Dan Vassallo of Massachusetts crosses the finish line at the 2007 Maine Marathon in a record time of 2 hours, 26 minutes and 52 seconds. In 2012, he shaved more than five minutes off that time while setting a new course record. Press Herald 2007 file photo

Dan Vassallo ran at Colby College. He interned with the Portland Sea Dogs. He cut his marathon teeth at the Maine Marathon, winning in his debut race in 2007 and setting a course record in the process.

Five years later, he returned to Portland and ran even faster.

That subsequent record – two hours, 21 minutes and 12 seconds – has remained intact for the past decade.

Although he grew up in Massachusetts and lives there still, he remains cognizant of Maine’s running circles. Nearly every autumn, it seems, he hears about another runner attempting to take down his Maine Marathon record.

The 2020 U.S. Olympic Trials in Atlanta was to be his marathon swan song … until he got the urge to return to the place where it all started.

“I’ve read the Press Herald articles saying somebody somewhere is going after Vassallo’s record,” he said by phone from Peabody, Massachusetts. “I just feel like there might have to be a reminder that the guy who set that record didn’t suck.”


Now 37, Vassallo plans to take part in the 31st edition of the Gorham Savings Bank Maine Marathon, Half Marathon and Marathon Relay, scheduled for Sunday morning. The race starts and finishes near Back Cove in Portland, with a course that extends north along Routes 1 and 88 through Falmouth and Cumberland before looping back upon itself in Yarmouth.

Organizers expect more runners than last year – when vaccinations, negative COVID-19 tests and masks behind the start line were all in the mix. As of midweek, roughly 3,400 runners had registered for the in-person race, and another 100 for virtual distances.

An elite field of approximately 50 will take off from Baxter Boulevard at 7:45 a.m., followed quickly by the rest of the field. Prize money awaits the top five male and female finishers, with $1,000 for the marathon winners and a $500 bonus for a course record.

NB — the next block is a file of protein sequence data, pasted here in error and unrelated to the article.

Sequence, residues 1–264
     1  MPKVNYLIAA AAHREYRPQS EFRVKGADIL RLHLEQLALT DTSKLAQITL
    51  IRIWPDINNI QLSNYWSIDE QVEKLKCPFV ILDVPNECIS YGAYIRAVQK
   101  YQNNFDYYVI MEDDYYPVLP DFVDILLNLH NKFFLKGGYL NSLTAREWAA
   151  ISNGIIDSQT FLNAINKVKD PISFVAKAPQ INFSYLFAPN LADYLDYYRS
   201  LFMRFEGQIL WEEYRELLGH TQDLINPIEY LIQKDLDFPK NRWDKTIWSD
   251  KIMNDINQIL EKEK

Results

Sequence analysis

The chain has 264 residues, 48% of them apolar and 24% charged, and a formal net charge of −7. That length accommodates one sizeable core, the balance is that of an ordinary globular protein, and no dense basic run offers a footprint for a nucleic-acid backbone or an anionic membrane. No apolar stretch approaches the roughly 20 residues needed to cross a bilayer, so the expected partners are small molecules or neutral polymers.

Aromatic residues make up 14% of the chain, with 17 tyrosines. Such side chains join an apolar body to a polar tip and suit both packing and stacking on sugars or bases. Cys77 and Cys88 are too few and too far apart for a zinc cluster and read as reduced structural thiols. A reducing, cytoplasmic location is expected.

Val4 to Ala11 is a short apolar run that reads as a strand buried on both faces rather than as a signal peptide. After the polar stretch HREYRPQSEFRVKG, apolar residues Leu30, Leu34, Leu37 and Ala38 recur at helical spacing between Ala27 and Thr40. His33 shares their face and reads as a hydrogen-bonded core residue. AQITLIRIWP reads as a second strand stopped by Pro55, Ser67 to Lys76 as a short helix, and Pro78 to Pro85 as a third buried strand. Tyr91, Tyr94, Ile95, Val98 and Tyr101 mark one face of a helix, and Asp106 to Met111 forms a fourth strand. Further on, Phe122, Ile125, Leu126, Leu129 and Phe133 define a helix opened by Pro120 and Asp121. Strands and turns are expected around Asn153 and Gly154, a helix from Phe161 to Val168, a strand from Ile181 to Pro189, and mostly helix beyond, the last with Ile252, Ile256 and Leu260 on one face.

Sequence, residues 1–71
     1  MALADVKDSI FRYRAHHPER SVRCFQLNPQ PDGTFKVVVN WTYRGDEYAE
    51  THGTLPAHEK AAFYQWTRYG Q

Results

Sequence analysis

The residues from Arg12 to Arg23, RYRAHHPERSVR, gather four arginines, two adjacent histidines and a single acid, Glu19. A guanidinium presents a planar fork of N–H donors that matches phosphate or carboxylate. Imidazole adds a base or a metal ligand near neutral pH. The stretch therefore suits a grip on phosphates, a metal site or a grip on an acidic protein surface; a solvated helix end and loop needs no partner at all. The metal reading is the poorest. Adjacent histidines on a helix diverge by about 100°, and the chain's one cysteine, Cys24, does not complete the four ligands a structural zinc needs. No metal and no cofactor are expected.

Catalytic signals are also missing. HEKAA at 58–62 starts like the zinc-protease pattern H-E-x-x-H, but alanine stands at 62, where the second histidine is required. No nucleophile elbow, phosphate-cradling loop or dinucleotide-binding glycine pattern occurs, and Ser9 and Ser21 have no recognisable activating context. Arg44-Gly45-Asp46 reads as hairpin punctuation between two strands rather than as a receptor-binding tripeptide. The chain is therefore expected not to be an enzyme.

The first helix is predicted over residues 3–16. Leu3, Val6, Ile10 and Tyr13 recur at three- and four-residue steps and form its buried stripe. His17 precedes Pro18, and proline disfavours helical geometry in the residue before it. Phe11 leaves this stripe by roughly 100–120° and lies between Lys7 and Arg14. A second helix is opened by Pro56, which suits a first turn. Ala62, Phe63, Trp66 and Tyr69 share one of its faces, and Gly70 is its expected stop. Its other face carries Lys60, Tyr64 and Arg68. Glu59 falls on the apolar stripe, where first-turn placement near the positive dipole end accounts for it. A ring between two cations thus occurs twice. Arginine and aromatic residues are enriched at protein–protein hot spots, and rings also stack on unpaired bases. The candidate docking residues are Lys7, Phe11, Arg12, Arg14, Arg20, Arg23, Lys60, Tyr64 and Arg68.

Four race beneficiaries will divvy up $60,000 in race proceeds from the all-volunteer event, said director Bob Dunfey: Through These Doors, World of Change, Stop Trafficking US and Wayfinder Schools.

Abby Hamilton, 23, of Yarmouth earned $1,500 last October in her debut at the 26.2-mile distance, lowering the women’s course record by 16 seconds to 2:39:38. Surgery on a torn Achilles tendon is preventing her from defending her title.

Two women expected to be among the marathon leaders Sunday are Caroline Pietrzyk, a former all-America cross country runner at Vanderbilt, and Lila Gaudrault, a second-year nursing student at the University of New England who lives in Cape Elizabeth.


Pietrzyk, 25, grew up in California, lives in Texas and plans to visit Acadia National Park after the race. She clocked a 2:50 in her debut marathon in January in Houston. That got her hooked on longer distances.

“I’ve always wanted to run longer races than I had run before, to challenge yourself at a very different distance than you get to run in college or high school,” she said by phone from Austin. “I’ve always wanted to go to Maine, always wanted to see Acadia. Because I’m a runner, I figured this was a great way to see that area.”

Gaudrault, 19, won Class B cross country state titles as a sophomore and junior at Cape Elizabeth High and twice earned all-New England honors. As a senior, however, she chose not to compete in cross country, in part because after 5 kilometers, she was just starting to hit her stride.

“I’ve never had much speed and always been kind of frustrated by the shorter distances,” she said. “I can take a pace and hold it for a long time. I just can’t get my legs to move that fast, so the longer I can be out there, the better.”

In May of her senior year, she attempted her first 50-kilometer trail race, the Big A 50K at Mt. Agamenticus in York. She was the first female finisher and second overall (of 43 runners), covering the 31.05 miles in a little under six hours.

This spring, she set a course record at the Big A 50K of 5:22. That 50K was sandwiched between her first two marathons. In April, she ran 2:56 in Derry, New Hampshire, and in May she ran 2:58 at the Sugarloaf Marathon in Carrabassett Valley.


Before the pandemic, Gaudrault had sought out NCAA Division I colleges with strong running programs. After embracing longer-distance running, however, she widened her search and focused more on academic interests. She is not involved in any varsity sports at UNE, a Division III school.

She said she has no concrete time in mind for Sunday’s race, but is hoping to lower her personal best.

“A marathon is such a long race, you can’t be too rigid in your goals,” she said. “You have to have some flexibility, because anything can happen.”

On the men’s side, Vassallo cannot be overlooked. He won the Philadelphia Marathon in 2014, finished 10th at Boston in 2018 and is a perfect 2-for-2 at this race. His best time was 2:17:30 in California three years ago.

Wesley Robinson, 25, of Colorado was a steeplechaser at the University of Tennessee who won his debut marathon last year in Denver with a 2:28 clocking. He also competed as a graduate student at George Washington, so has raced in the Northeast before, though never in Maine.

Like Vassallo, Robinson makes his living as an accountant. He has never run a half marathon, explaining that he likes “the all-in” with the marathon.

“Let’s not halfway do this thing, let’s do the whole thing,” he said. “I’m super excited to get out there, see what Maine’s like, and maybe even run fast.”

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